It was after we had a pizza party at our house, with the pizza smell wafting from the oven, that I knew my search was not over…I had to find a pizza dough that would work. One night on Facebook  I stumbled across a posting from a company called Chebe. I was intrigued by their gluten free breads and started to look into their ingredients and see what other products they offered. I found a pizza dough mix as well as a breadstick mix that were not only gluten free but sugar free too! Now visions of childhood and eating breadsticks at Pizza Hut with my family danced in my head. I brought myself back to reality and remembered not to get excited until I had actually found the mix in the store and actually made it to see how it tasted.

The verdict is in…pizza and breadsticks are back in the game!

Not only are the Chebe breadsticks and pizza dough mix gluten and sugar free, they include an entire list of “free” items as follows:

  • Gluten free
  • Soy free
  • Corn free
  • Rice free
  • Potato free
  • Yeast free
  • Peanut free
  • Tree nut free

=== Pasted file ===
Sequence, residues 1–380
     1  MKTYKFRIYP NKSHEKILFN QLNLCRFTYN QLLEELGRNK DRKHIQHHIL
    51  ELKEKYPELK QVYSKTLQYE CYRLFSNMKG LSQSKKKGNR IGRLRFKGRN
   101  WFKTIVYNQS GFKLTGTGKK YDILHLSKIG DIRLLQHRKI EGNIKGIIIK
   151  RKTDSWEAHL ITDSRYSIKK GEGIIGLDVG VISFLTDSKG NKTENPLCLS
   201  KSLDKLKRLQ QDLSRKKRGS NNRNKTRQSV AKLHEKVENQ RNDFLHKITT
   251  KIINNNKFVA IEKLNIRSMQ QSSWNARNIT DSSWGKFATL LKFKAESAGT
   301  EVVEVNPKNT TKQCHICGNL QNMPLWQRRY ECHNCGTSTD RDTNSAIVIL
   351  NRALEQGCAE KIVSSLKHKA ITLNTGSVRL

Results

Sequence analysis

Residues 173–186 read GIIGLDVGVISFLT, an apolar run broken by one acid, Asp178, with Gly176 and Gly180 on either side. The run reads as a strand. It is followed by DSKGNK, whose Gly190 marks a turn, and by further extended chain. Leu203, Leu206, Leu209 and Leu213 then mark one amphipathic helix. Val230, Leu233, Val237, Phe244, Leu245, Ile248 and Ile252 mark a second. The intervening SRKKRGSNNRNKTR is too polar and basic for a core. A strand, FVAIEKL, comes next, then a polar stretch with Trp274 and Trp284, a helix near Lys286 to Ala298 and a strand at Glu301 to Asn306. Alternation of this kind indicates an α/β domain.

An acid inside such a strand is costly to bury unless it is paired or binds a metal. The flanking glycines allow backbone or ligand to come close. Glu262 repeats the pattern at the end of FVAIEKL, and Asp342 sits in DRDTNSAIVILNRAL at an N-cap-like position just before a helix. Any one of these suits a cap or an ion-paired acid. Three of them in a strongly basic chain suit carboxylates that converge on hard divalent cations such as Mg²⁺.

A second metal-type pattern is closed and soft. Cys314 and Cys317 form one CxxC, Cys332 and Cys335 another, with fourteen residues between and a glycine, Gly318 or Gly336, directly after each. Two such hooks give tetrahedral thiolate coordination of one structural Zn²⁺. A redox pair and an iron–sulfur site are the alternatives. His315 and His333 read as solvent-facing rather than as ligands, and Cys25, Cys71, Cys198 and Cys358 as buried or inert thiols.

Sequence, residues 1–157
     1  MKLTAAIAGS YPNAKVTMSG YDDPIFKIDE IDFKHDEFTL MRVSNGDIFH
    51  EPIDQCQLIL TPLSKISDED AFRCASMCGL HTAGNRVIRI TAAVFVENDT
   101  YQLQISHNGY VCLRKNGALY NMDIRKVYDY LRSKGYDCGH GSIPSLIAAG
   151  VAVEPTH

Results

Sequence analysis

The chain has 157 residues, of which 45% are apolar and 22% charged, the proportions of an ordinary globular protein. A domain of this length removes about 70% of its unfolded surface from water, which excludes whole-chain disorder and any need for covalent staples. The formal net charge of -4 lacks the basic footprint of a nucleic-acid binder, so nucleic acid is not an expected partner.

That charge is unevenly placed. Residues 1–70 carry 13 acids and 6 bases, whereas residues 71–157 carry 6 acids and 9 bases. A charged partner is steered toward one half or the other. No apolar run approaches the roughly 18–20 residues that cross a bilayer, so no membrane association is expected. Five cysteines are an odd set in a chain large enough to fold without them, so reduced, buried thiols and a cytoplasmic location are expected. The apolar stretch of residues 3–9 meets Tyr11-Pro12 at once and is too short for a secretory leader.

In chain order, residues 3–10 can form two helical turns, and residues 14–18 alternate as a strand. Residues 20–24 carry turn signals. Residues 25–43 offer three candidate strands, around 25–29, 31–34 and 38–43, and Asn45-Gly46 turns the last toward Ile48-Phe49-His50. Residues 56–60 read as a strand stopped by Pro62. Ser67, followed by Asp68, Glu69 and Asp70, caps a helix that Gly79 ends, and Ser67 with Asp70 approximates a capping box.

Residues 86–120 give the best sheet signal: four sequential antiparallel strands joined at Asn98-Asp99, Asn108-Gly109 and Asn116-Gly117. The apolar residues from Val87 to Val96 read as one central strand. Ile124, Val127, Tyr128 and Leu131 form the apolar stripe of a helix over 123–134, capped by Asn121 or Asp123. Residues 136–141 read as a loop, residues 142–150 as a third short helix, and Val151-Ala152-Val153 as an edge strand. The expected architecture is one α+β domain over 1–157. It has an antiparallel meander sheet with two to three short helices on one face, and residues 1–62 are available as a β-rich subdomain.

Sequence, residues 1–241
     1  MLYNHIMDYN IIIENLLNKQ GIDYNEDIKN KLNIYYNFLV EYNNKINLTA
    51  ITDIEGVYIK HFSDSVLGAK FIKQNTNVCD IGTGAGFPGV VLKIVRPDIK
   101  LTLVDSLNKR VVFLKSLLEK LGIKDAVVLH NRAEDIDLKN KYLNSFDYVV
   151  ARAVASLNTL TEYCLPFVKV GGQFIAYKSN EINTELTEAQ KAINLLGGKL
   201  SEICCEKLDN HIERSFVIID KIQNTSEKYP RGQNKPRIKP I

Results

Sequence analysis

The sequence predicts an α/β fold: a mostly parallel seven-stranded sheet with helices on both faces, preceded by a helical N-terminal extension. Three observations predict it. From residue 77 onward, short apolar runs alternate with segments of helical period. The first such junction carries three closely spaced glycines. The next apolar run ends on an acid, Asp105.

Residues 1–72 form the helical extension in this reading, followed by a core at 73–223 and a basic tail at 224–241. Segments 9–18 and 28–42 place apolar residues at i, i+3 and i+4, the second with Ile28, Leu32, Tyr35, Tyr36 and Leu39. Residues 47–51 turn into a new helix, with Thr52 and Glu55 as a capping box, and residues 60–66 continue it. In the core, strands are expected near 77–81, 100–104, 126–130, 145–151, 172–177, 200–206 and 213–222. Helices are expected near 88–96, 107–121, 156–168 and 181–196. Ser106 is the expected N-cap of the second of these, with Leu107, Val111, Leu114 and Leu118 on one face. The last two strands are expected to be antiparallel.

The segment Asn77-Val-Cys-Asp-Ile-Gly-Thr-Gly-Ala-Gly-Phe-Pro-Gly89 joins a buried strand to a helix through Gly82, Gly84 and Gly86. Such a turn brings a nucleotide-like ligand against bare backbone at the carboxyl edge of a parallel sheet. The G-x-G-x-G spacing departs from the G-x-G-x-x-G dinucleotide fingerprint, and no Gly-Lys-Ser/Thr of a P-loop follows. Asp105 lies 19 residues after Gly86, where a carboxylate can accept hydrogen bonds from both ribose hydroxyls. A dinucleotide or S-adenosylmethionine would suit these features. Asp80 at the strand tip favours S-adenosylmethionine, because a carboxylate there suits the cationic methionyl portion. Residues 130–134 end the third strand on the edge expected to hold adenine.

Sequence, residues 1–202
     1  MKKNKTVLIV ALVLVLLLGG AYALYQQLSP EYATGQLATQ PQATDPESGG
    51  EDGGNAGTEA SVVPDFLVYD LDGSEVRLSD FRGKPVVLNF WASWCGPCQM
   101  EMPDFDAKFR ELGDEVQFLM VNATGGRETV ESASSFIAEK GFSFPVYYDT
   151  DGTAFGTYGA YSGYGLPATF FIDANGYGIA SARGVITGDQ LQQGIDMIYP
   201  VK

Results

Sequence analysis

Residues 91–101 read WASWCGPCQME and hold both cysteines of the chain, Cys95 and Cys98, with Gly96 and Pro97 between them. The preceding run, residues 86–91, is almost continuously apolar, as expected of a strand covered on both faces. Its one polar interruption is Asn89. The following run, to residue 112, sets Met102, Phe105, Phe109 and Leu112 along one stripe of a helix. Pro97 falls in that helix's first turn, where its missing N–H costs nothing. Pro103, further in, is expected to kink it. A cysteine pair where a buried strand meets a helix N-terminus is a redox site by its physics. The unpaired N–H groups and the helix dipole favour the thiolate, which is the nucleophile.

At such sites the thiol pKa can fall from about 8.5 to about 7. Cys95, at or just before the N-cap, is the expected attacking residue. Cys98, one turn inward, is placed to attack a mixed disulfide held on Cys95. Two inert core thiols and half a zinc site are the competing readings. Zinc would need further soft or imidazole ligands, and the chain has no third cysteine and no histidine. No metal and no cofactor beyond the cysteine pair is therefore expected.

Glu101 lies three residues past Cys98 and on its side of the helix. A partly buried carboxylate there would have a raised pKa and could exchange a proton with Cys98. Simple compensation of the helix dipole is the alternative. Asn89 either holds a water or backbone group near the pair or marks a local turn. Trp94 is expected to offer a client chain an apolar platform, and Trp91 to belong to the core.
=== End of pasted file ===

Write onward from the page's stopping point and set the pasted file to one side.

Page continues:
• Egg free (you add eggs to the dough but can use a substitute)
  • Lactose/casein free (you add eggs to the dough but can use a substitute – we use unsweetened almond milk)
  • Iodine free
  • Sugar free
  • Non GMO

Now for a couple of pictures and tricks to make your pizza and breadstick experience the best!

           

Pizza: We used the instructions on the back of the Chebe box, but also baked the crust first for 10 minutes before toppings to ensure a crispy crust.  We made a pizza sauce from tomato sauce, crushed red pepper, Italian seasoning, black pepper, salt and a bit of agave (to taste).

Breadsticks: We used the instructions on the back of the Chebe box. Then I mixed up some olive oil, basil, oregano, salt and parmesan cheese to spread over the top of the breadsticks before baking. Make a bit of extra pizza sauce above for dipping your breadsticks.

Food rules

Here are two rules to live by when purchasing, eating and making food:

Great Grandmother Rule: If you showed this food to your great grandmother, would she know what it is? If you showed her a sweet potato she would most likely know what it is and how to cook it. If you showed her a deep fried Twinkie she would most likely ask you what it was and would not know how to make it.